delivered the opinion of the court:
We think the first clause of the will, which reads, “I direct my said trustees to care for, rent and manage my real property, to pay all taxes, assessments and insurance thereon, *118and to make all necessary repairs, in their discretion,” gave the trustees, under the directions of a court of chancery, (if not without its aid,) power to make the lease. A court of chancery has, to some extent, a general supervision over trust estates, and may direct such a disposition as in its discretion seems beneficial to all parties interested, even going so far as to order the sale of the trust estate and a re-investment of the proceeds without authority being given by the will, if the conditions are such that it is manifestly in the interest of the trust estate. Hale v. Hale, 146 Ill. 227; Gavin v. Curtin, 171 id. 640.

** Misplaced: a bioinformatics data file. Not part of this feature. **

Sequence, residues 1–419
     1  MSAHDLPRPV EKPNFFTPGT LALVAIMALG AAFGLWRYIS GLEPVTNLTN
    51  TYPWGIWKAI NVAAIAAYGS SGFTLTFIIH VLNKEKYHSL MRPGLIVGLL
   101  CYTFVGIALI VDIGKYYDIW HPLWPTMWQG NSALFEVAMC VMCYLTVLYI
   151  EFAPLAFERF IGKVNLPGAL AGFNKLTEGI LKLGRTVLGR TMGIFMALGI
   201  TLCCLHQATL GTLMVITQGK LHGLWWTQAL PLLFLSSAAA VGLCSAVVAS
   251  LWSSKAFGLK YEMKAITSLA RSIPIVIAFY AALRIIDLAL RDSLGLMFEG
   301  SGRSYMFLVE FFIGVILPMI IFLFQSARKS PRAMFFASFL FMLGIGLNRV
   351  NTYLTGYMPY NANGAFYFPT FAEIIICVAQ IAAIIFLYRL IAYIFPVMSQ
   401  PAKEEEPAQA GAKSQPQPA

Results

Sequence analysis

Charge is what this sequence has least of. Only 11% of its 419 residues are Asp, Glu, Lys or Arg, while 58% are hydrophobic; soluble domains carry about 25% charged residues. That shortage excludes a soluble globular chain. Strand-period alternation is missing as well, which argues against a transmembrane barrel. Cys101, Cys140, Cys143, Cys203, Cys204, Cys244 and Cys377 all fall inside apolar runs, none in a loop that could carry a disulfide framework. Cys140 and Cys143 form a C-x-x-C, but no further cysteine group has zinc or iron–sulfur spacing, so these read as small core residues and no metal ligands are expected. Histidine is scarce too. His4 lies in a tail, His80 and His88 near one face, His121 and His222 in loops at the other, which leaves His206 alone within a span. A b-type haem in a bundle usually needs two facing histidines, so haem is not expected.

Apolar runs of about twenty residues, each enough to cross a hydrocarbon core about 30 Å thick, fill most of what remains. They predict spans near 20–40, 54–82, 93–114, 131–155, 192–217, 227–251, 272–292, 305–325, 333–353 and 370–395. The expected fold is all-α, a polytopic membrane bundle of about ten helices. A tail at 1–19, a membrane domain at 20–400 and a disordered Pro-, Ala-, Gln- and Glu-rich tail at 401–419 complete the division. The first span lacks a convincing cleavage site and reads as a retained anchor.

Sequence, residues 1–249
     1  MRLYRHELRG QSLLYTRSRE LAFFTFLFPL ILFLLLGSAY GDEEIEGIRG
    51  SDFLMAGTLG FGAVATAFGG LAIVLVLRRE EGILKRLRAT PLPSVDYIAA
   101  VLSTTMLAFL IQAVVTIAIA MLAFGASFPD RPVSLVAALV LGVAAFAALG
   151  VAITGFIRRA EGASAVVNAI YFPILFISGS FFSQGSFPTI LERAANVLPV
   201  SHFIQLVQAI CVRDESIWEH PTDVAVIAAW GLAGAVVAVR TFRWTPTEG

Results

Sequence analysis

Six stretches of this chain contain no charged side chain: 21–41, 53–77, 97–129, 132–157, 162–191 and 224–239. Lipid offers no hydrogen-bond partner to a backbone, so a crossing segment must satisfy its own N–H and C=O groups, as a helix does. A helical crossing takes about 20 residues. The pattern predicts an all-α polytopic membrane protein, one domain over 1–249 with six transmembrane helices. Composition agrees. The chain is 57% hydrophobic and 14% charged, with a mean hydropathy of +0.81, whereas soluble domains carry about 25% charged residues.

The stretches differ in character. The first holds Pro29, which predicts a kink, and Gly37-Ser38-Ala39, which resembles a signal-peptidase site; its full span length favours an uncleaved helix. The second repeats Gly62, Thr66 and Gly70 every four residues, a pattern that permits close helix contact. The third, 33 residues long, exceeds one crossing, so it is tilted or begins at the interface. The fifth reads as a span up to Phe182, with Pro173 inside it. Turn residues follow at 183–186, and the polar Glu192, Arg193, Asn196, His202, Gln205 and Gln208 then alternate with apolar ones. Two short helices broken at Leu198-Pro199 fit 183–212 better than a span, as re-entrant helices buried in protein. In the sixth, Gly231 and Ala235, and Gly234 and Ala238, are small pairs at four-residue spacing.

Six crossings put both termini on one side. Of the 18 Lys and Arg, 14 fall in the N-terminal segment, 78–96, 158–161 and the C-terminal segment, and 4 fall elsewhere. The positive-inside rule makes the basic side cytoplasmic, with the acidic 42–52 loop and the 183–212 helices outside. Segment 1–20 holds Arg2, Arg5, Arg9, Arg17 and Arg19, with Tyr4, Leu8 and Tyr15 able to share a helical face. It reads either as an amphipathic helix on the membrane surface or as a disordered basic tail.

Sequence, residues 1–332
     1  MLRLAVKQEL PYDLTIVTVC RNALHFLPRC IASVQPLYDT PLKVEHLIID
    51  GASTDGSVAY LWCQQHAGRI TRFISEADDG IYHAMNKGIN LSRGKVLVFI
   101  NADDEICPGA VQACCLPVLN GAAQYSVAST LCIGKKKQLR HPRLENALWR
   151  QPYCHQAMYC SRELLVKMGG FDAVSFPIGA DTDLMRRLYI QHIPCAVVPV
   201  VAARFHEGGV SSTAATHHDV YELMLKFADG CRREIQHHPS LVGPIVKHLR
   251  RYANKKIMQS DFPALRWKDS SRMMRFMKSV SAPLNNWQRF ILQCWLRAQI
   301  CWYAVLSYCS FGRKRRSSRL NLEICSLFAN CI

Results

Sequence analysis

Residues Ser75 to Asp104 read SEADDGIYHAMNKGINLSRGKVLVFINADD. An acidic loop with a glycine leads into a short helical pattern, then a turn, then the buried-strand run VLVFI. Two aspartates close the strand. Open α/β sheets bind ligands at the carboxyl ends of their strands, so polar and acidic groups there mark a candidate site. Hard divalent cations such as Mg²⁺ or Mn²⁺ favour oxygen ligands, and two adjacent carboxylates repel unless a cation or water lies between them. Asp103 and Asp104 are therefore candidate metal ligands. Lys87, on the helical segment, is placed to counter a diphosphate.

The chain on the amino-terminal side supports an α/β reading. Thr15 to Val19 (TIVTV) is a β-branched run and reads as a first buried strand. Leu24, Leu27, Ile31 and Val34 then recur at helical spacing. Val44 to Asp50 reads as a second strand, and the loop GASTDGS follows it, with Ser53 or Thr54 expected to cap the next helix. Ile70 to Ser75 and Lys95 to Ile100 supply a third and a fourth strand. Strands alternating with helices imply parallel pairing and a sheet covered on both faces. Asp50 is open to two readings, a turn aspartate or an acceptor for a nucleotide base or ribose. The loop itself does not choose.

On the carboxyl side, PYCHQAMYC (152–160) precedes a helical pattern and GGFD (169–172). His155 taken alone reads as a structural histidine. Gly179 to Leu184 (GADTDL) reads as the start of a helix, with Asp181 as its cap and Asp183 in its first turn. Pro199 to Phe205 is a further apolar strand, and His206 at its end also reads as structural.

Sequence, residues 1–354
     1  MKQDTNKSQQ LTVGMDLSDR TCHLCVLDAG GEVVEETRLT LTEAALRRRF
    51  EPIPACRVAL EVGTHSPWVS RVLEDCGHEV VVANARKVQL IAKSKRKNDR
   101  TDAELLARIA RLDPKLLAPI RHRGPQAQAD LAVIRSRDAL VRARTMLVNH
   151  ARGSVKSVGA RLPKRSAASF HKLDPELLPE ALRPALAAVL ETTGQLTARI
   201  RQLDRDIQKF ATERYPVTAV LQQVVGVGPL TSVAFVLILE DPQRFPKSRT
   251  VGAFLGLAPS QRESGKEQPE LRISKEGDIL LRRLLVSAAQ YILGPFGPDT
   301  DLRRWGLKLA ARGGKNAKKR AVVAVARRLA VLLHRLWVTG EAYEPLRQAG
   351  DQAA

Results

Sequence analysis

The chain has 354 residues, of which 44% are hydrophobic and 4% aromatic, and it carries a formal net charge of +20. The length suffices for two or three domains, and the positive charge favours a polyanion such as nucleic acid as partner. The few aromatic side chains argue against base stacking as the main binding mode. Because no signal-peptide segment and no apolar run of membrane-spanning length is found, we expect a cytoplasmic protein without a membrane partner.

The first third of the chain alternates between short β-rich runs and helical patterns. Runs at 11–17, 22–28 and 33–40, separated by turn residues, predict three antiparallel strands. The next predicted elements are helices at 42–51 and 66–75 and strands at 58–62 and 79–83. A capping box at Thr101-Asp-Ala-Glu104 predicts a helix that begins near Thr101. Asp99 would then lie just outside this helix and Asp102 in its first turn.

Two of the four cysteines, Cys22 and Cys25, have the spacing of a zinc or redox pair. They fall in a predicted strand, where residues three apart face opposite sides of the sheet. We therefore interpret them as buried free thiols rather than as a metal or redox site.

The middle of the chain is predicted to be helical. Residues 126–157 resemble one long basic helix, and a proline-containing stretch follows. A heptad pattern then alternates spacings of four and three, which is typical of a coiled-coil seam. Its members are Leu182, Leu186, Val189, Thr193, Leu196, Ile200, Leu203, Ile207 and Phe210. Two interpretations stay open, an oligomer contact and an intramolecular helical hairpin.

In the case of Marsh v. Reed, 184 Ill. 263, where a similar question arose, the court ordered the trustees to make a ninety-nine-year lease although in direct contradiction of the limitation of the will, which provided “that no lease or demise shall be for a longer term or period than ten years,” and on this question we said (p. 272) : “The bill did not ask for interference with, nor does the decree in any manner interfere with, the design of the donor as to the devolution of the title to the trust property. The decree leaves the title to the property in the trustee, who remains charged with the duty to convey it in exact obedience to the wishes of the creator of the trust. The donor clothed the trustee with authority to rent the property and to collect the rents therefrom during the continuation of the trust, and in so doing placed a limitation upon the duration of any lease of the property to be made by the trustee. The effect of the decree is to enlarge the powers of the trustee in this respect, leaving the subject matter of the trust in all other respects unimpaired. In other words, the decree does not defeat the trust, but was entered upon the theory its provisions were necessary to carry into execution the design of the' donor. The requirement that the leasing should be for periods not longer than ten years was no doubt dictated by the belief of the donor that the rental value of the property would increase, and that short terms of letting the property for rent would best conserve *119one of the ends he designed to secure, namely, to provide an income for his wife and his children. The business judgment of the donor was no doubt correct at the time, but in this instance, as is so frequently true in other cases, it is demonstrated it is not within the power and judgment of man to infallibly anticipate future events and direct that which shall be the wiser course to be pursued in after years. The question being one which relates merely to the better or more judicious mode of managing and controlling the subject matter of the trust in order the design and wishes of the donor may be more completely accomplished, the stringent rule which properly obtains when the application is to divest the trustee of the title to the property which is the subject matter of the trust and. vest such title in direct opposition to the will of the donor, ought not to be given full application.”